This is a loophole you could drive a truck through and will allow profit-shifting to tax havens to continue unhindered. It is appalling that conservative MEPs are siding with multinationals in order to block tax transparency. This is a major step backward from the Parliament’s previous majority position of supporting measures to inform the public about what multinationals pay in taxes and where. The conservatives and liberals have clearly decided that protecting tax cheats is more important than protecting the public interest.

I have proposed several amendments to the report, together with other progressive MEPs. We’re calling for the reporting requirements to be on a disaggregated basis - without the “safeguard” loophole - and to apply to all large companies with a turnover of more than €40 million.

We are urging every MEP who cares about the public interest to vote in favour of these amendments, in order to ensure the Parliament takes the strongest position possible before entering negotiations on the text with the Commission and the Council - whose position is even worse than the Commission’s.

The Irish Government introduced country-by-country reporting for companies with a turnover of more than €750 million, in line with the OECD BEPS recommendation. But it has not introduced the requirement that the reporting be made public, and Irish government representatives have made it clear that they will oppose the financial data being made public in the Council.

Maximum EU and international transparency on tax is not a threat to tax sovereignty, which I have always supported and which is a key principle of Sinn Féin’s engagements with the EU.

The only people with anything to fear from tax transparency are tax cheats, and their cheerleaders. There is no evidence to support the argument that public CBCR will impact on the competitiveness of EU-based companies. It has already been introduced for the largest banks and extractive industries in the EU, and these industries have not reported any reduction in their competitiveness.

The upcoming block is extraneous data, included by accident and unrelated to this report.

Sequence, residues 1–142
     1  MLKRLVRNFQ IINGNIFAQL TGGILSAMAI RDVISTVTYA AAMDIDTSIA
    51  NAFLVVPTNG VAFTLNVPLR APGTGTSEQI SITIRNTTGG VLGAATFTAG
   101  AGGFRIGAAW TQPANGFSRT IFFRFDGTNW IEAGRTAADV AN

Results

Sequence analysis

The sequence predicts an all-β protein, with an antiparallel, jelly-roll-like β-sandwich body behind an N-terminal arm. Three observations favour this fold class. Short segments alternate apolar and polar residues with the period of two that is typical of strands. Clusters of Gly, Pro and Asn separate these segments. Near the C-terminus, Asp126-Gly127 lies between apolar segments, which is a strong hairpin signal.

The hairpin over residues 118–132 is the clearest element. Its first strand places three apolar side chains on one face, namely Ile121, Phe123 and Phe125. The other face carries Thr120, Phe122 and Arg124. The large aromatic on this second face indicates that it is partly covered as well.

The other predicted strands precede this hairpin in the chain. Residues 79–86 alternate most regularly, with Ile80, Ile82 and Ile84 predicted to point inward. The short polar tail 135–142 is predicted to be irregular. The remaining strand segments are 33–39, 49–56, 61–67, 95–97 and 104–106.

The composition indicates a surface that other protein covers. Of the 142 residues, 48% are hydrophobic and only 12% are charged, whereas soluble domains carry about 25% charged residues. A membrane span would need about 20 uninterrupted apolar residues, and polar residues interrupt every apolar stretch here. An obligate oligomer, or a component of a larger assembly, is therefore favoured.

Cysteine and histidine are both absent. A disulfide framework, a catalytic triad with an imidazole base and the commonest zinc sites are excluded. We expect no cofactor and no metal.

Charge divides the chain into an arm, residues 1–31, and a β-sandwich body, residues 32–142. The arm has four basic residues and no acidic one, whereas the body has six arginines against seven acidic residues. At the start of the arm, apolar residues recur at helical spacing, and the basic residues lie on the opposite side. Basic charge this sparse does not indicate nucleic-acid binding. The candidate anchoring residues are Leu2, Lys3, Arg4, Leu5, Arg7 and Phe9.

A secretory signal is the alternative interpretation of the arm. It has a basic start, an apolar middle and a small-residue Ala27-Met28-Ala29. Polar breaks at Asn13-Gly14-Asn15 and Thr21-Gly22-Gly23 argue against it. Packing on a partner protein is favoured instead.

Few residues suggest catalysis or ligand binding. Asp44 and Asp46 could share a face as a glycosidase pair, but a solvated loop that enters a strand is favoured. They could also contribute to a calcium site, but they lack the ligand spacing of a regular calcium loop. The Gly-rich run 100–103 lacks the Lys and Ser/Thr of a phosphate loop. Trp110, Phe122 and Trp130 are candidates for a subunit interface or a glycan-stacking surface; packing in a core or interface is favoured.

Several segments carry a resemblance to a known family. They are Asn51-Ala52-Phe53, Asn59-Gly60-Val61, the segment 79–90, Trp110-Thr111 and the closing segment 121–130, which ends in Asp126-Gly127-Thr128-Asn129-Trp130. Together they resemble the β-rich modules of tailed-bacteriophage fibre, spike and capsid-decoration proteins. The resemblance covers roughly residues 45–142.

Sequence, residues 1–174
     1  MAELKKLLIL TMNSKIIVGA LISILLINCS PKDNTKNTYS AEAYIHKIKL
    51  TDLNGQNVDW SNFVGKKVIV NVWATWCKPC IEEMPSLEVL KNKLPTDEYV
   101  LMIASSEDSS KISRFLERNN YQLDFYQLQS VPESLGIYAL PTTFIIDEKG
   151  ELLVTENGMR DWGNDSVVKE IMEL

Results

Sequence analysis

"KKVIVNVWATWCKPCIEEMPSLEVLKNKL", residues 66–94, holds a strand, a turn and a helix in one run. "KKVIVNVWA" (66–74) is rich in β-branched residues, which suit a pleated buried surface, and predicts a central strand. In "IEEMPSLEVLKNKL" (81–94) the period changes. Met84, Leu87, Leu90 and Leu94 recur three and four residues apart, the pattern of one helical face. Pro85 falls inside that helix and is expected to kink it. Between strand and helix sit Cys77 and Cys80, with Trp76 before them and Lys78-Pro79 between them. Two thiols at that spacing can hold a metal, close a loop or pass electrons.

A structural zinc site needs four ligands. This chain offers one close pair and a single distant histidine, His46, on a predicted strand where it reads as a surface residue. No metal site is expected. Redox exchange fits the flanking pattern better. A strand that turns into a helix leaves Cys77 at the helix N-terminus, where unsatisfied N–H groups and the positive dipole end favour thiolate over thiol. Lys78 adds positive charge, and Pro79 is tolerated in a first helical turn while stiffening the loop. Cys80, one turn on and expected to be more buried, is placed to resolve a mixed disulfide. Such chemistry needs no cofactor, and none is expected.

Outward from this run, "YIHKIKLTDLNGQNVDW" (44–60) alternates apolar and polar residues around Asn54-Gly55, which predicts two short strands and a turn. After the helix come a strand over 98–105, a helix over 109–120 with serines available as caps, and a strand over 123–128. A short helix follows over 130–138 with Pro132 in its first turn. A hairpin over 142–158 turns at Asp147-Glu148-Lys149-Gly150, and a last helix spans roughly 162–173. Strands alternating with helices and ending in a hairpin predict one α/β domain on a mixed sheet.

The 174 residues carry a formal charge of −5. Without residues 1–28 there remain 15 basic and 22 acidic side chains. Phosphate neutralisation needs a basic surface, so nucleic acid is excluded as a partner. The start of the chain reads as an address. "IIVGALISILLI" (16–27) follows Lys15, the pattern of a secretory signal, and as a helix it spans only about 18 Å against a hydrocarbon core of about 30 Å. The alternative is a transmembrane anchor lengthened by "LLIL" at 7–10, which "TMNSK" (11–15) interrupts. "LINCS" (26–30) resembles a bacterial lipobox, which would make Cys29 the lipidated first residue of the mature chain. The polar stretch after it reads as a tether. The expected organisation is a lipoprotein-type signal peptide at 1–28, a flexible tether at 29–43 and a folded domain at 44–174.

There has, however, been increased public scrutiny of tax dodging. For example, using the public figures from 2015 from the banking sector, Oxfam recently found irrefutable evidence that the Irish state was being used to facilitate massive tax avoidance in the financial sector. Five of the biggest banks reported profits in Ireland of more than 100 per cent of their turnover, something that can only be achieved through blatant profit-shifting.

Their findings vividly illustrate the value of country-by-country reporting being made public instead of the figures only being provided to state tax authorities. The Irish Government should stop playing an obstructionist role on transparency by opposing public country-by-country reporting in the Council, and commit instead to advocating for maximum tax transparency.

Public financial reporting on a country-by-country basis is arguably the most important development that has been proposed so far when it comes to tackling tax avoidance. We need to get it right.

Fine Gael seems determined to resist full transparency on corporate taxation, whether it is in the Irish Government, in the European Parliament, or in the Council.

This week their MEPs have an opportunity to stop siding with corporate tax cheats and vote in favour of our amendments to scrap the so-called safeguard clause that will weaken the Parliament’s position on this vital transparency initiative on Tuesday in Strasbourg.

I hope they take this opportunity.

Matt Carthy is a Sinn Féin MEP and a member of the European Parliament’s Panama Papers inquiry committee and Economic and Monetary Affairs Committee.